population, because the children, though born in smaller proportion, are better cared for, and the rate of excess of births over deaths consequently remains considerable, although the birth-rate itself is low. The serious fact would be a decline of the rate of the excess of births over deaths through the death-rate remaining comparatively high while the birth-rate falls. It is in this conjunction that the gravity of the stationariness of population in France appears to lie. While the birth-rate in France is undoubtedly a low one, 21.9 per 1,000 in 1899, according to the latest figures before me, still this would have been quite sufficient to ensure a considerable excess rate of births over deaths, and a considerable increase of population every ten years if the death-rate had been as low as in the United Kingdom—viz., 18.3 per 1,000. A difference of 3.6 per 1,000 upon a population of about 40 millions comes to about 150,000 per annum, or 1,500,000 and rather more every ten years. In France, however, the death-rate was 21.1 per 1,000, instead of 18.3, as in the United Kingdom, and it is this comparatively high death-rate which really makes the population stationary. The speculations indulged in some quarters, therefore, though they may be justified in future, are hardly yet justified by the general statistical facts. The subject is one of profound interest, and must be carefully studied; but the conclusions I have referred to must be regarded as premature until the study has been made.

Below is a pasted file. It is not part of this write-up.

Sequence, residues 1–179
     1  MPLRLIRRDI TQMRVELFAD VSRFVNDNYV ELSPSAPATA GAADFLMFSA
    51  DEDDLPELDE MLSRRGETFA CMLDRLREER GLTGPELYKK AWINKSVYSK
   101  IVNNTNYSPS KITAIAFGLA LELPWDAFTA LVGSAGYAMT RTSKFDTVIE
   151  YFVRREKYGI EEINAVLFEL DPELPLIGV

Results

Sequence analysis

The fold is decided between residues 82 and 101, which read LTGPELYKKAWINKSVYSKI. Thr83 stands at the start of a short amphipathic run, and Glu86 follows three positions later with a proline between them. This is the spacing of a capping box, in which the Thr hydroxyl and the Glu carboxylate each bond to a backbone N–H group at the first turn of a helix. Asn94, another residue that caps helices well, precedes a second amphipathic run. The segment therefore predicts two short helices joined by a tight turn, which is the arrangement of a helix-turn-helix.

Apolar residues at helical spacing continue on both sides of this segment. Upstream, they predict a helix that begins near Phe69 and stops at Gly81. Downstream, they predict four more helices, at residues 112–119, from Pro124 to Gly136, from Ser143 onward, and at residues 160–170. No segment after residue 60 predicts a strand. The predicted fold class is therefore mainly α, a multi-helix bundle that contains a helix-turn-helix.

Such are a few illustrations of the importance of the ideas which are suggested by the most common statistics—those of the regular records which civilized societies have instituted. It is, indeed, self-evident how important it is to know such facts as the growing weight of countries of European civilization in comparison with others; the relative growth of the British Empire, Russia, Germany and the United States, in comparison with other nations of Europe or of European origin; the dependence of other European countries as well as the United Kingdom upon imports of food and raw materials; the ability of old countries and of old centers in new countries to maintain large and increasing populations; and the evidence which is now accumulating of changes in the rate of growth of European nations, with suggestions as to the causes of the changes. It would be easy, indeed, to write whole chapters on some of the topics instead of making a remark or two only to bring out their value a little. It would also be very easy to add to the list. There was a strong temptation to include in it a reference to the relative growth of England, Scotland and Ireland, which has now become the text of so much discussion regarding the practical question of diminishing the relative representation of Ireland in Parliament, and increasing that of England and Scotland.